Last weekend, I washed the fiber I had just sheared (shorn?) from Hamlet. I spent a good deal of time beforehand reading as much as I could about the washing process – most of the literature is written for sheep fiber, but I assumed it was pretty cross-applicable.
One of the major drawbacks of having used kitchen scissors is that the locks of fiber are mostly individual, rather than being tucked inside a large fleece of interconnected fibers. For this reason, I decided to put the mohair inside a sweater washing bag for the process. This is what I used (Tide should pay me for this):
I did the washing in my laundry room sink – very hot water and about 1/4 cup of soap (I used Palmolive Free & Clear). You can see (between the bubbles) that the water started out VERY dirty:
I let the fiber soak for 20 minutes at a time, then I’d drain the water squeeze out the excess water in the fiber, and refill with water & soap. By the 3rd washing, the water is looks much more clean:
The fourth and final washing I did without any soap – only hot water. After I was finished, I squeezed out the extra water from the fiber bag and began spreading the locks of mohair on the tiers of a hand-washing dryer rack so that it would dry over several days (yes, I have a pink laundry room):
A close-up of the fiber after washing – It’s just kind of a wet mess…I think I may have partially felted it when I squeezed the water out of the fiber after each wash:
After two full days of drying (with a fan in the room to help the process along), it looks much better; not nearly as felted as I feared:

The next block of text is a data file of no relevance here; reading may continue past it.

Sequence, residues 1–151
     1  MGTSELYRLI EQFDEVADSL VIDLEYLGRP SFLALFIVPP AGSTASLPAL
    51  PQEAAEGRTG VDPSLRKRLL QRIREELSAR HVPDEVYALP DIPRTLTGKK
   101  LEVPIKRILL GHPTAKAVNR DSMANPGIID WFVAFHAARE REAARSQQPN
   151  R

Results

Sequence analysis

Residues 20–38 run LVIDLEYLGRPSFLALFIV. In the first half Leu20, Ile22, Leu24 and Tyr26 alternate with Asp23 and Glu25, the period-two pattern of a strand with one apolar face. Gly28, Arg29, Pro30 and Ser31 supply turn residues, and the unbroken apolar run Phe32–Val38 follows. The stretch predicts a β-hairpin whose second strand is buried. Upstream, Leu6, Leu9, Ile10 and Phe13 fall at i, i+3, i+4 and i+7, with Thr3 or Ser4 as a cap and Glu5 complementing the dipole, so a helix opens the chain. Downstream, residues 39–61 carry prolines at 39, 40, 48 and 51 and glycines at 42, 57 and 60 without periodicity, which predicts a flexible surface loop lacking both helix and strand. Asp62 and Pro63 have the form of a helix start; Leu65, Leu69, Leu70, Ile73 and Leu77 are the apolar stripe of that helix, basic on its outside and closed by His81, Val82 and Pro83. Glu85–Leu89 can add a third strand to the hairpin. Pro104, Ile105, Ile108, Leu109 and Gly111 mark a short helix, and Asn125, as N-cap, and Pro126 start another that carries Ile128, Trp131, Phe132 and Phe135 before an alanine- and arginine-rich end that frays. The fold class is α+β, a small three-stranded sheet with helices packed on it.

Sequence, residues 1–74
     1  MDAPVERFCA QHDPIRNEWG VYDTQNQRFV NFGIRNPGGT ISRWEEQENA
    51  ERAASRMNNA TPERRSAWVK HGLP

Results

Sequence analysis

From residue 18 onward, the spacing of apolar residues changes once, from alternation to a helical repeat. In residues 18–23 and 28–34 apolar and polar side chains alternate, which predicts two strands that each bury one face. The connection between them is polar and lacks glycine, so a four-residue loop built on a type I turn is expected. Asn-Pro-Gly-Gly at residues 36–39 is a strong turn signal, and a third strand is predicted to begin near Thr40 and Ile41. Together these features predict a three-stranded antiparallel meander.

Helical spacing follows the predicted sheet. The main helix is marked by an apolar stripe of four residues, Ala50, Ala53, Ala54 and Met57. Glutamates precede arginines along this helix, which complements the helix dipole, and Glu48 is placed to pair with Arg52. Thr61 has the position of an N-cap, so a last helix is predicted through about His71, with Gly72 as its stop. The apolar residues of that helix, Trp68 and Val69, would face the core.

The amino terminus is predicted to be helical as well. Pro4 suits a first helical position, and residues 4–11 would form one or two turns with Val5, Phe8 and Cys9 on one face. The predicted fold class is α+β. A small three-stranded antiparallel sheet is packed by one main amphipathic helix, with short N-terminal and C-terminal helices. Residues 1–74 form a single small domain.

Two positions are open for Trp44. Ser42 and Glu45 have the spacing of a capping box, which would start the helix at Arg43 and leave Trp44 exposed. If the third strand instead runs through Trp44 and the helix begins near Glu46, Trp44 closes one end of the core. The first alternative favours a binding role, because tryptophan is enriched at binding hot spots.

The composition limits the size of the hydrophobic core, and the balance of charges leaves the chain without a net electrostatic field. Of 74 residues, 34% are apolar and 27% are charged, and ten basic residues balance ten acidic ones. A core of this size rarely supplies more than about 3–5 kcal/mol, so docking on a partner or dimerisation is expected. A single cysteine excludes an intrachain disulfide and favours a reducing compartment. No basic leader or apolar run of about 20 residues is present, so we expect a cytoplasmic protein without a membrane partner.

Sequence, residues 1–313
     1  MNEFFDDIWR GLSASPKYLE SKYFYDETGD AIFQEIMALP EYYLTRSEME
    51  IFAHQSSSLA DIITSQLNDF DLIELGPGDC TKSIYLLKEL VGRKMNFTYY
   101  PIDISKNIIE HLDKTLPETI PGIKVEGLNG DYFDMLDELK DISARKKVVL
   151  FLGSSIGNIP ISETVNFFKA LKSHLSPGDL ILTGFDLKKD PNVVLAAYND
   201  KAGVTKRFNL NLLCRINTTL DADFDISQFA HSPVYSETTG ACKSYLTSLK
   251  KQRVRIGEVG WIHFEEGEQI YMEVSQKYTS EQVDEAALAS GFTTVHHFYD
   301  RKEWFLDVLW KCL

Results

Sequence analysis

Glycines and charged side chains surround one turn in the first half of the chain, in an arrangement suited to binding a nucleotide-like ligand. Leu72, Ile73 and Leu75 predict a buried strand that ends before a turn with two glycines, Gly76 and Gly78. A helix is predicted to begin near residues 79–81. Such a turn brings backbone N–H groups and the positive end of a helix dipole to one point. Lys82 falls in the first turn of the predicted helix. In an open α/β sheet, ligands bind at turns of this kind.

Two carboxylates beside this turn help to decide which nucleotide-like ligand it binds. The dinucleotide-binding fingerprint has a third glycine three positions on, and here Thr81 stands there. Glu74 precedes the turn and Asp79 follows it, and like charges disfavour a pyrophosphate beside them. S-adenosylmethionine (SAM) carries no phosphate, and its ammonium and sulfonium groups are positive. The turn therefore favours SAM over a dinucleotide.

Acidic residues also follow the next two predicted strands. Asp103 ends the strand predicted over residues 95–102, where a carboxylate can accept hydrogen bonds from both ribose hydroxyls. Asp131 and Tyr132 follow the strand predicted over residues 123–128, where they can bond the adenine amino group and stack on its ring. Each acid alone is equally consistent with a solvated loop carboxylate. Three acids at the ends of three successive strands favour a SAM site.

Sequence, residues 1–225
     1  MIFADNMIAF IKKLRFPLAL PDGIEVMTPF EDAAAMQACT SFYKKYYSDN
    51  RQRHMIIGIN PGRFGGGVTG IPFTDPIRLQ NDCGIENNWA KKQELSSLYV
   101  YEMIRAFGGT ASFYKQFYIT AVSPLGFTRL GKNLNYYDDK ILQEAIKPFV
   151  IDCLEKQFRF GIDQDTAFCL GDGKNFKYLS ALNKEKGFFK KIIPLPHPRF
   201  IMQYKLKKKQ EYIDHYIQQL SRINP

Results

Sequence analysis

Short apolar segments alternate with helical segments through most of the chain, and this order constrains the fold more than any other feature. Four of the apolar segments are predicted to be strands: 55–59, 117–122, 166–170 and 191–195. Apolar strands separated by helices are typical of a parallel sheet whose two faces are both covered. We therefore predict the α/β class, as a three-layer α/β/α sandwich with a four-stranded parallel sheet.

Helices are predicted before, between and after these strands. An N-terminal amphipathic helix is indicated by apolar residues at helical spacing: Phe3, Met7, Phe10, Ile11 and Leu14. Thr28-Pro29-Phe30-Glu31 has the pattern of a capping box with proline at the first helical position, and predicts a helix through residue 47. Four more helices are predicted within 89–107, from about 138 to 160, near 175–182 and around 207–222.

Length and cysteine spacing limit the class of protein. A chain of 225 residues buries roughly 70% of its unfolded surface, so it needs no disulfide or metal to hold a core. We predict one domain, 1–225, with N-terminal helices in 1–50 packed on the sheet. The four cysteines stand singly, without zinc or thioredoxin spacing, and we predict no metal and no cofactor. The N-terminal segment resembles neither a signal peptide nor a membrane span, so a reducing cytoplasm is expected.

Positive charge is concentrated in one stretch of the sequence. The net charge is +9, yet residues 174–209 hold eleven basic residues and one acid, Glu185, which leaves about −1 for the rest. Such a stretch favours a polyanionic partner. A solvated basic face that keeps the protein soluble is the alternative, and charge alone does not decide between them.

This fiber is RIDICULOUSLY soft – I have the urge to rub it against my cheek every time I pick up a lock. I can’t wait to spin & knit it! I’m planning to find some raw sheep’s wool and some carders to blend them together at the Fiber Festival in Orange, VA in a couple weeks. It’s REALLY hard to restrain myself from ordering some online before then…but I know I’ll be much happier with the selection of these items at the fiber festival.
In the course of this washing experiment, I’ve come up with a list of things I’d do differently next time:
- NO agitation; not even to squeeze the water out of the fiber between washes.
- Reduce the amount of soap used in each successive wash (1/4 cup 1st wash, 1/8 cup 2nd wash, none 3rd wash).
- Add 1/4 cup of white vinegar to the last washing (I read – after the fact – that this helps to neutralize the alkaline soap and get the fibers fully clean & residue free)